and the climate in the family had changed, and Maria and Jorge described how they had
come to see their daughter differently. Jorge was more available to listen and talk to Clara
since he understood that her outbursts where not ‘‘just tantrums.’’ Maria was trying to be
firmer with Clara; she admitted that previously (a) her desire to be a better mother to Clara
than her own mother had been to her and (b) the tiredness she felt from managing the many
problems in their lives sometimes led her to be inconsistent in setting limits. Finally, we
discussed how important it was for Maria and Jorge as parents to learn how to share their
own sadness with and support each other, and so we recommended more therapy sessions
for them with and without Clara.
Step 5: Feedback to Clara
In the following session we met with the whole family to read Clara the fable we had
written to give her feedback. The title of the fable was ‘‘CARLA, THE LITTLE DRAGON’’. Here is an excerpt.
‘‘One upon a time there was a little dragon named Carla who lived in a cave near a
forest with her mom and dad […] Even though she was only 4 years old, she had had a very difficult life. When she was very little she got a very bad illness that made her tremble
all over her body […] Her parents had a very difficult life too. They came from a far away land to find a better cave to live in […] but during the trip they had forgotten the words to speak about emotions and so they couldn’t teach them to Carla when she was born. So,
when Carla felt that something was wrong at home, when her dad was sad or her mom was
worried, or when Carla felt bad, she was confused and didn’t know the words to talk about
this. Every time this happened, she felt something burning inside her and suddenly she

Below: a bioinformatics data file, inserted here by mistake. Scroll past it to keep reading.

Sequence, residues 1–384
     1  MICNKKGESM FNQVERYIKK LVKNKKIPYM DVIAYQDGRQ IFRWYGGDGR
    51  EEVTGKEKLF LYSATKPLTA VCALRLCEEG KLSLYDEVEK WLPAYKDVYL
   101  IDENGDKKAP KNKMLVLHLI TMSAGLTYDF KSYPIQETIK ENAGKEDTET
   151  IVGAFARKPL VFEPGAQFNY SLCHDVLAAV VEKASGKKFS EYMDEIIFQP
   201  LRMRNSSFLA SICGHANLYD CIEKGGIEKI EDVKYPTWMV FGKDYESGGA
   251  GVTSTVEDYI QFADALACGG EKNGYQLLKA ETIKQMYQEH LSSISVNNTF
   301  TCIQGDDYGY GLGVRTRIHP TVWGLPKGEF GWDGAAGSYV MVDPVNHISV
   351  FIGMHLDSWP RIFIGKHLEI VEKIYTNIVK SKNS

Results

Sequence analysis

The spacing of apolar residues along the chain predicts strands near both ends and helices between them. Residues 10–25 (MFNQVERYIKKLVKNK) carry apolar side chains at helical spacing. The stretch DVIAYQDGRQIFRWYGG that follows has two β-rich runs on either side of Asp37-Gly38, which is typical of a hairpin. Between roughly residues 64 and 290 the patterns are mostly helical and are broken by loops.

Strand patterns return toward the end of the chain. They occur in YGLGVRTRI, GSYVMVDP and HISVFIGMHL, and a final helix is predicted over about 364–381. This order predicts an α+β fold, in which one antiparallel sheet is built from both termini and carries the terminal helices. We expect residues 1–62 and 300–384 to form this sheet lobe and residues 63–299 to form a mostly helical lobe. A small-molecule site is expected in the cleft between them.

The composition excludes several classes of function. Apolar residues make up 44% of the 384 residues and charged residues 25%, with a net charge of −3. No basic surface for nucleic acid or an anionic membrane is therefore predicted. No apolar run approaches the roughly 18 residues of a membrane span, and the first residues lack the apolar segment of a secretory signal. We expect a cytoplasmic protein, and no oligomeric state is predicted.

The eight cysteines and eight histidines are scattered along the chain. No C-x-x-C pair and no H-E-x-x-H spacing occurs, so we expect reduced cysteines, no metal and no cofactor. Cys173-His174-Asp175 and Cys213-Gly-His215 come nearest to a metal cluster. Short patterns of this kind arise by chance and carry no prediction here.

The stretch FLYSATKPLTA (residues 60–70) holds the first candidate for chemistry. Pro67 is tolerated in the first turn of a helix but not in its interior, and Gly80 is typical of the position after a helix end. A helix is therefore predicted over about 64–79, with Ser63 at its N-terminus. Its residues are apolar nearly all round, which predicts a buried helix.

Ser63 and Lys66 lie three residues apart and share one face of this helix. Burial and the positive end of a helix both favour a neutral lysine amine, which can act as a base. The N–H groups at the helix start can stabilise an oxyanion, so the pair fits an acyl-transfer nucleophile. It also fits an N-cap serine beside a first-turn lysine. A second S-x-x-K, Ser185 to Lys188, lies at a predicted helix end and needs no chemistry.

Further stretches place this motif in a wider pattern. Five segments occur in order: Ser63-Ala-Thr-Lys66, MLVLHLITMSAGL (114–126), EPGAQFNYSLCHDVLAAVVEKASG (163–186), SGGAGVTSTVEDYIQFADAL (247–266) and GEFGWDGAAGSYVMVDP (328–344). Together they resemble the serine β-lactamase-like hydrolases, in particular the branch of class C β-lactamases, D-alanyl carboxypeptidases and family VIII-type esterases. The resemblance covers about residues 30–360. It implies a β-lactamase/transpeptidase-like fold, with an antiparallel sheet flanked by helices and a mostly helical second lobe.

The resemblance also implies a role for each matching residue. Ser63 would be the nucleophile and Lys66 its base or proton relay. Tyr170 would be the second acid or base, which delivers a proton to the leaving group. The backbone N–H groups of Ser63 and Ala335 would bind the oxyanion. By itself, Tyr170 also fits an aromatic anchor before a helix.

began spitting fire out of control, burning things even when she didn’t mean to […] Mom and dad were worried, they didn’t know why Carla spit fire all the time. So they decided to
speak to two wise owls that lived on a tree in the forest […] The two owls met Carla, asked her to draw while her parents watched her through a magic mirror […] Finally, the wise owls said to Carla: ‘You are not a bad dragon. Little dragons learn to control their fire when
they learn the words to talk about their feelings, but your parents couldn’t teach you such
words. They forgot them. That’s why you can’t control your fire. You and your parents
have to go to a place where dragons are trained to speak about feelings […]’. That afternoon Clara and her parents came back to their cave, and Clara felt a little bit lighter
and hopeful that she could also learn to control her fire. And what happened next?’’
Case Development After the TA
A few weeks after the end of the TA we had the chance to speak to the neuropsychiatrist,
who updated us about the fact that Maria and Jorge had decided to go back to El Salvador
and marry each other. (They had been together for many years without marrying.) Then,
several months later we scheduled a follow-up session with the family, but Maria was the
only one to show up. She told us that things were much better with Clara, but that Maria
and Jorge where having a lot of couple problems since they had gotten married and were
thinking about separating. That session was followed by an individual session with Jorge
who also appeared very distressed. Since then, we have started bi-weekly couples therapy.
Contemp Fam Ther (2013) 35:731–744 739
Maria and Jorge still live together and are working hard to overcome their individual and
couple struggles, related to tolerating intimacy and to dealing with their early traumatic
Therapeutic Processes in TA